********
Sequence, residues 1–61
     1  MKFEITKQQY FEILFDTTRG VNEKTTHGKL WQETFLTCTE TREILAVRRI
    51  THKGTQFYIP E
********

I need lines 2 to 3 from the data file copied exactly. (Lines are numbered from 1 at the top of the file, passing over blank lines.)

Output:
     1  MKFEITKQQY FEILFDTTRG VNEKTTHGKL WQETFLTCTE TREILAVRRI
    51  THKGTQFYIP E